Vignette 5: Direct democracy

Head and shoulders of a young woman wearing a warm jacket and a blue scarf
Picture by sgrunden on Pixabay

"Do you want to vote next month?"

"Yes Mo, you know I do."


"Because the health centre matters to me. Because we need the funds, because we are not catching cases early enough to do good preventative interventions."

"And to be eligible to vote you must?"

"Complete the democracy training," Jessica rolled her eyes.

"And so you need to do what?"

"Put down this game controller and pay attention to you?"

"Yes, exactly. And that is an example of an argument that appeals to what?" There was a smile in Mo's voice.

"Umm. Reason and emotion?" Jessica chuckled and threw the controller across to the far end of the sofa. "Okay you win. But let's go to the park for the lesson. I think better outside."

Jessica pulled on her scarf and jacket. She opened the door to the apartment and Mo floated past her into the corridor.

"Race you up the stairs", Jessica called slamming the door and setting off towards the stairwell. Jessica knew that she couldn't beat Mo, but it amused her to try. Their apartment was on the sixth floor, only four below the park so she could just make it up, running all the way. Mo on the other hand simply floated into the middle of the stairwell and with a little whir, went straight up.

"Not fair," Jessica laughed as the small blue and green globe met her at the top of the stairs.

She got into her stride on the outermost path around the park. Mo settled on her left shoulder.

"OK teacher. Argument and evidence. What's next?"

"Here are the sample questions. 'You see two news stories both reporting that another city district has secured funds for themselves, bypassing normal processes. On your Truthbook feed the same information is reported. Also on Truthbook, the district denies it. Do you have any evidence that this has happened?’"

"Hmmm. No. I mean some of the news feeds are more reliable than others, but that's not evidence."

"So, which of the following would count as evidence? One, your mother says it's true. Two, the city website shows the transaction in the budget. Three, the transaction is recorded in the blockchain-verified public accounts with no corresponding approval record."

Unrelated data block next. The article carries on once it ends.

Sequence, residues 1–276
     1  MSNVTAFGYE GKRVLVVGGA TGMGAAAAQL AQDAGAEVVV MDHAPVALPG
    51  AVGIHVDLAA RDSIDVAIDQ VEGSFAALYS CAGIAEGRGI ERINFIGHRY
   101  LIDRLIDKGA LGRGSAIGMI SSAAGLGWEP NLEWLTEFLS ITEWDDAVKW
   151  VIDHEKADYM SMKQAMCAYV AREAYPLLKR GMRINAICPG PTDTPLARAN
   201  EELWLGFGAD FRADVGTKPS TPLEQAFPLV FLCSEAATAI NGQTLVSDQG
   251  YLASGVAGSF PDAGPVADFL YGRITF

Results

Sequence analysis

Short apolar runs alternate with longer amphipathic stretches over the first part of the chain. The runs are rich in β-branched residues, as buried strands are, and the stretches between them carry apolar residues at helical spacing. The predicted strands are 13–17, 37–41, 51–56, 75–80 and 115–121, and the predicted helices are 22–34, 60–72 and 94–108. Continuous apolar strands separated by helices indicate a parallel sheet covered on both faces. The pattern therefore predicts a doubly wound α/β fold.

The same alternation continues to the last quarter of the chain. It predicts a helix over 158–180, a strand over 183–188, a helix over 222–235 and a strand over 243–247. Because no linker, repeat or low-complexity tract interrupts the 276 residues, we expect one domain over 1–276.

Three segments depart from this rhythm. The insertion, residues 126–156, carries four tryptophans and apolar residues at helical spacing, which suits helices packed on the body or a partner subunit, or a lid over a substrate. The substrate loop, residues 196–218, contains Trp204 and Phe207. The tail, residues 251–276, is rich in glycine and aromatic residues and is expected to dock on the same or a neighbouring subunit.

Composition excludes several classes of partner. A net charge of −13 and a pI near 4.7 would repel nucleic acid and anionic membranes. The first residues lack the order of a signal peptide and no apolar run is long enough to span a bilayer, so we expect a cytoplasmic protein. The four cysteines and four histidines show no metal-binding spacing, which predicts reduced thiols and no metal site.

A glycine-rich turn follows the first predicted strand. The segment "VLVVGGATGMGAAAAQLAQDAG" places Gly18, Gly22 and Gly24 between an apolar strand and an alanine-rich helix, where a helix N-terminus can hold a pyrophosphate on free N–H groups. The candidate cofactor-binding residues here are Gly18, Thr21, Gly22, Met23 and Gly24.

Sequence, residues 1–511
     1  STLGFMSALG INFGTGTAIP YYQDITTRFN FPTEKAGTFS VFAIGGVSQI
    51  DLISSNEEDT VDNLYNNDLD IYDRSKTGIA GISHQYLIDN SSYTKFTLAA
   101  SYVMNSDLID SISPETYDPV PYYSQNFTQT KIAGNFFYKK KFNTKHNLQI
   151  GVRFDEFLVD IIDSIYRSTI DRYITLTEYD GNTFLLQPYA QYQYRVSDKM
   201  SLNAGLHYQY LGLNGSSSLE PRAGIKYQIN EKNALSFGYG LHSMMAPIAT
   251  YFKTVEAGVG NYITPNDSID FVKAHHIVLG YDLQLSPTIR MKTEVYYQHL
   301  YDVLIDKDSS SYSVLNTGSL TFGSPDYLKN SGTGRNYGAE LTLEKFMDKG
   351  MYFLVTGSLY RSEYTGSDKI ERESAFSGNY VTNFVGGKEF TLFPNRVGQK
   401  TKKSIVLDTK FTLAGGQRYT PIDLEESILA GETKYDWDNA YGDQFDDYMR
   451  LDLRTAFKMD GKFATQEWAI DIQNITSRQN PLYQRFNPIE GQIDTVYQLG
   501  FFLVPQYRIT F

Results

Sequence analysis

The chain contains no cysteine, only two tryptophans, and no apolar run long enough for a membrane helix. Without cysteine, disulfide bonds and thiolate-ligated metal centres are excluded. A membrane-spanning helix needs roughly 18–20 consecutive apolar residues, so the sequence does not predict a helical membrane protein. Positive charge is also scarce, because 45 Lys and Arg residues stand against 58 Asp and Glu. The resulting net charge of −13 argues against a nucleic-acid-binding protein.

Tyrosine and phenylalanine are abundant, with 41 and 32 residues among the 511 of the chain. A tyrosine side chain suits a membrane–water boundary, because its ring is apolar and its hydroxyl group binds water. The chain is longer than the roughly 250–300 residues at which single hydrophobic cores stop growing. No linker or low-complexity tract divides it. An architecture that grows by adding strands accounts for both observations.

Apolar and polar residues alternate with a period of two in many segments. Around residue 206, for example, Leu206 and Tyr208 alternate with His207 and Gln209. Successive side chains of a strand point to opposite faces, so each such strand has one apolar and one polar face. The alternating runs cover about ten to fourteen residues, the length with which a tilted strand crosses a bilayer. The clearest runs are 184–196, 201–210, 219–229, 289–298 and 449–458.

"I guess it's three. The website information could be fudged."


"Although I'd trust my mother. She checks everything." Jessica thought for a moment. "And you, of course, if your update hashes were all valid."

"Good. Next question. ‘You have to vote on a local budget distribution. The choice is upgrading the paths in the district green space to improve the surface and widen them, or putting more buses on the least-served local routes. What information do you need to make your choice?’"

"The paths in the green space are more important to me. I mean, I want people out and exercising. It’s the best thing for their health.”

“But do you have enough information to decide that’s the best way to spend this budget, now? What else might you want to consider?”

“Um, OK. What is the situation with the buses? How bad is the service and how many people are affected?”

“Well the bus service on some routes is down to one bus an hour which is way below the average of every 20 minutes. There are about 200 000 people on those routes.”

“And how much of the district is that?”

“Thirty-two percent of residents.”

Jessica thought for a bit. “So, can’t they just walk?”

“We have interviews with some of the people affected. Do you want to hear them?”

“Hmmm”, Jessica thought for a moment. “No, that will take a lot of time. Is there a summary?”

“Yes, there is. The residents say that walking is fine for those who are younger and healthy. But most of the people affected are older, in their hundreds, and getting around is more difficult. Not having buses has meant more social isolation, skipping medical appointments and even poor nutrition. Younger people find the poor service makes it hard to get to places in a hurry. It doesn’t happen often, but when it’s an emergency, that’s a problem.” 

“Hmmm, yes. I can see that the buses are a priority. Some of the walking paths are a bit crowded, but we can probably deal with that for a few years still.” Jessica stopped, looking out over the city for a few seconds. Then she turned back to Mo.

“I can see that voting is going to be hard. You really have to think about things.”

Related posts